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SOUTHERN AFRICA: The Indispensable Role of Mud Flats, Marshes and Swamps

Miriam Mannak

CAPE TOWN, Dec 5 2007 (IPS) - The need for greater urgency in addressing loss of wetlands in the Zambezi River Basin has been highlighted at a recent meeting in northern Zimbabwe.

“Wetlands are crucial to all forms of life in the Zambezi Basin, yet they are not appreciated the way they should be,” said Tabeth Chiuta, the water programme co-ordinator of the World Conservation Union (IUCN).

“Today, only 7.6 percent of the entire Zambezi Basin is covered with wetlands. This percentage is on the decrease because people are unaware of the importance of having and protecting wetlands,” she added.

Chiuta was speaking at the third Zambezi Basinwide Stakeholders Forum, held Nov. 27-29 in Victoria Falls, and organised by the ‘Zambezi Action Plan Project 6, Phase 2’ (ZACPRO 6.2). This initiative was set up by the Southern African Development Community to push for sustainable use of the basin’s resources – and, in turn, greater socio-economic development in the eight states that encompass the area: Angola, Botswana, Malawi, Mozambique, Namibia, Tanzania, Zambia and Zimbabwe.

The Zambezi Basin is the fourth largest river basin in Africa. It measures 1.3 million square kilometres, and is home to some 40 million people from 30 ethnic groups.

Wetlands encompass a variety of landscapes, including reef and mud flats, mangroves, estuaries, fresh and salt water marshes, and swamps.

Of the states that share the Zambezi Basin, Zambia has the largest number of wetlands. Various factors contribute to the disappearance of these areas, including agricultural encroachment.

“So far, the efforts to conserve the wetlands in the Zambezi Basin have not been integrated in the mainstream development and management strategy of the basin,” Chiuta told IPS.

“Wetlands should form an integral part of the Zambezi Basin Integrated Water Resources Management Strategy,” she added. But, “So far, there is no clear and specific policy on wetlands, and the ones that do exist are in some cases conflicting.”

This is partly due to the fact that governments of countries sharing the basin do not see wetland conservation as a priority, Chiuta said. As a result, they fail to budget for this matter, creating a situation where many wetlands – and the benefits they provide – are lost forever.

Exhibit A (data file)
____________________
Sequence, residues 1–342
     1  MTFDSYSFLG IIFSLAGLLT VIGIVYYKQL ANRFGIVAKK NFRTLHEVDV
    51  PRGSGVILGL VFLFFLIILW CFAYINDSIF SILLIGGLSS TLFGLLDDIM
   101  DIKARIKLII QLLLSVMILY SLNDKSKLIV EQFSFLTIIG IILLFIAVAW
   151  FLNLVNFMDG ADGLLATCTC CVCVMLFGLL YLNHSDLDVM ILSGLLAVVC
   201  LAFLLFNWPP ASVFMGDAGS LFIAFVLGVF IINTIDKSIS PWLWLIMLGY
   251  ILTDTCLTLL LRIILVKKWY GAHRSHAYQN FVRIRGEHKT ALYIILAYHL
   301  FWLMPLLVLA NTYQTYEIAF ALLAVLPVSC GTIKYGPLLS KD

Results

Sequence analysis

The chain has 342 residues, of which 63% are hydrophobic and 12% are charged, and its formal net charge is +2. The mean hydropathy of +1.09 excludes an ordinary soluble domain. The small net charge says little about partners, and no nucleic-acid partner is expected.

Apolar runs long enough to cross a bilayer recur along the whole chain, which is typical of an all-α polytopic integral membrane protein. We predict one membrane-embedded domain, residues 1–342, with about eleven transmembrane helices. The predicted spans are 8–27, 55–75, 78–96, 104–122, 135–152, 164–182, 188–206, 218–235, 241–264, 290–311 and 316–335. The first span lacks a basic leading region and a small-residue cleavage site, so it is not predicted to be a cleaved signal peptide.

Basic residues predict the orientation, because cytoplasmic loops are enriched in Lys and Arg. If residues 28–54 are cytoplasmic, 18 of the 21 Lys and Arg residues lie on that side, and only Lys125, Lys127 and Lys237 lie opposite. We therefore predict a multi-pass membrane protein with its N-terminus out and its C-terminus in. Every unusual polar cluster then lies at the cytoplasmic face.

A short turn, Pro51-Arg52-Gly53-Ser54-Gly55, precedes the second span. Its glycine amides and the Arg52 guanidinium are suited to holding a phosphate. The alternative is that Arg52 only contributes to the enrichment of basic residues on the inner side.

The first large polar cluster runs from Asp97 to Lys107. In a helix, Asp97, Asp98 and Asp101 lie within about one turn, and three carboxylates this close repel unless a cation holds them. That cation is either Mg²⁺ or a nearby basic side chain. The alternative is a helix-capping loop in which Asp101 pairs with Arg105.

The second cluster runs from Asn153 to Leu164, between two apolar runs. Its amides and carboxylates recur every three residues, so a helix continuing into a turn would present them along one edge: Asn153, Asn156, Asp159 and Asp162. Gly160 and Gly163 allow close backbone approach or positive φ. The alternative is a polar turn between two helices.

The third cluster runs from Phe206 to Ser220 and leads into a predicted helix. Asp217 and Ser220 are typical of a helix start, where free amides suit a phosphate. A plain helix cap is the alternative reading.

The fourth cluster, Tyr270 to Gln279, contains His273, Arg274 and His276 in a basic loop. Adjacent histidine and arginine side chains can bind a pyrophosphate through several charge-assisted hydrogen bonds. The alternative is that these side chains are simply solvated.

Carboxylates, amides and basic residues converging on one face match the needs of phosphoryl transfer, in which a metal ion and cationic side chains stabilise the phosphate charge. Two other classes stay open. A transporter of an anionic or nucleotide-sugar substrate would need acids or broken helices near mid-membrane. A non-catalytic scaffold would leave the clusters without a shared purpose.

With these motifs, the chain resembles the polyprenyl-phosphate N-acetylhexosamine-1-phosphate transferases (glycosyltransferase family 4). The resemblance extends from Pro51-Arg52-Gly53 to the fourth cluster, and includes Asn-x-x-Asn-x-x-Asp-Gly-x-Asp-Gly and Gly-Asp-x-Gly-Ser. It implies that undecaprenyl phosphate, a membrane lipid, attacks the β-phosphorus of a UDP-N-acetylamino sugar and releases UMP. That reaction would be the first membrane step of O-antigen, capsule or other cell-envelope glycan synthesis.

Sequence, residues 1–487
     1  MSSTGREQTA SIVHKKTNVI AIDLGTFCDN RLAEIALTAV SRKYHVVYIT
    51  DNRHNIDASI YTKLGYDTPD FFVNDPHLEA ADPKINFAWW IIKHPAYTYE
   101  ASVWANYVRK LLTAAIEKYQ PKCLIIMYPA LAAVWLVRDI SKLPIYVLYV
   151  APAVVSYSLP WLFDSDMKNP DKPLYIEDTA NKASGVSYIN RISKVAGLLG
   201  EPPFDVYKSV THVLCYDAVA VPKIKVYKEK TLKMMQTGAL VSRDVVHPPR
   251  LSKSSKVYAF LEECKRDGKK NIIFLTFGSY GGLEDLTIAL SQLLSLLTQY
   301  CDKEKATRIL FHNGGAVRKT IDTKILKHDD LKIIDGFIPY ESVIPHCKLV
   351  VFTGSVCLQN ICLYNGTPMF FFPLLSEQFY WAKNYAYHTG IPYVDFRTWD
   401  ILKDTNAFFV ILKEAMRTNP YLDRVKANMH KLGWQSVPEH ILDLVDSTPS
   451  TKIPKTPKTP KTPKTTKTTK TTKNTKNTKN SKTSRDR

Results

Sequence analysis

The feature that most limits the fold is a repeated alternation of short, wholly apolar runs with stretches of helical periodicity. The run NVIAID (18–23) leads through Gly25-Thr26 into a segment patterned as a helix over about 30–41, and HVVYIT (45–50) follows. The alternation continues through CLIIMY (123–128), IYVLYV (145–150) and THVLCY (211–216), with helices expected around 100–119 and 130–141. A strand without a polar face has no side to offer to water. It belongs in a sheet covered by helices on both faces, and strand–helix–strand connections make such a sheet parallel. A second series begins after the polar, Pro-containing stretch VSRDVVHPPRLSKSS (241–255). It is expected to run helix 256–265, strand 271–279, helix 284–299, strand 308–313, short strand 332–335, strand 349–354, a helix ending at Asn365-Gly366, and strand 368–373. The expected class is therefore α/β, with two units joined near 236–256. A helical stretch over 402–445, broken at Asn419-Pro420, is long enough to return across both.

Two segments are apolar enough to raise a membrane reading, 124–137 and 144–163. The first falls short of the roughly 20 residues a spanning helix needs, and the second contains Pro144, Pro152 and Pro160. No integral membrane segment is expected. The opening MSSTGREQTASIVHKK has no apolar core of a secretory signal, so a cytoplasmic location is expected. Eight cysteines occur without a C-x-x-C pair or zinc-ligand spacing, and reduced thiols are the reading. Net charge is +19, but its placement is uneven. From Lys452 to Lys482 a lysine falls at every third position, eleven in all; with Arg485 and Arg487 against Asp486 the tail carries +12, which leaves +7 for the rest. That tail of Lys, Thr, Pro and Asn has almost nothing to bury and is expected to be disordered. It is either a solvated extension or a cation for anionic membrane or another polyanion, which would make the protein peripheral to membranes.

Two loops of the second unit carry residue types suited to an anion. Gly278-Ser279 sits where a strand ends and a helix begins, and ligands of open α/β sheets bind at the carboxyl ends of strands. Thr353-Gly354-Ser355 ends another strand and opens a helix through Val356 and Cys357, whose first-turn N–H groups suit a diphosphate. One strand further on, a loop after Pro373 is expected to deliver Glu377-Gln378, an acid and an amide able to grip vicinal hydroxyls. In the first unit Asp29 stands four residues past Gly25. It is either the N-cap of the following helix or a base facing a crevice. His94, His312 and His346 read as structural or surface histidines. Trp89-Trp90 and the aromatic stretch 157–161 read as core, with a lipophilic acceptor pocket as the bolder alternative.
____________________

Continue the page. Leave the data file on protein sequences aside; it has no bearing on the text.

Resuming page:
These benefits include flood regulation and water retention. “Wetlands are able to absorb and store large amounts of water; this is crucial when river or sea levels rise. By doing so, wetlands reduce the velocity of the water and protect people against flooding,” said Chiuta.

“Wetlands also play an important role in water purification as they remove bacteria and organic pollutants from the water and soil. Additionally, they provide food for the communities living in and around the wetlands.”

Wetlands are also of great environmental importance, Chiuta noted. “They provide food, shelter and water for countless bird and mammal species and they are the principal areas where fish breed and feed. Last but not least, wetlands in the Zambezi Basin – and elsewhere in the world – serve as a nursery for thousands of plant species.”

To improve protection and conservation of wetlands in the Zambezi Basin, the IUCN has started the Zambezi Basin Wetlands Project (ZBWP), now in its second phase.

“The overall goal of the project is to contribute to the sustainable use of the Zambezi wetlands ecosystems, taking in consideration all ecological, social and economic values,” said Wilson Mhlanga, project manager of the ZBWP, adding that the initiative was also aimed at influencing national policies and regional protocols relating to wetlands in the Zambezi Basin.

“We take in consideration the well being of wetland communities by involving them in the project,” he noted. “Communities need to be involved in this, as they are amongst the prime stakeholders of the basin.”

Daisy Nheta of Integrated Rural Development and Nature Conservation, a non-governmental organisation based in Namibia, also spoke of the need to include communities in water resource management and conservation.

“Conservation projects affect people living in those areas,” she explained. “Although most people do not have anything against conservation, they do not like not being involved. They want to be included in the process instead of being told what they are no longer allowed to do.”

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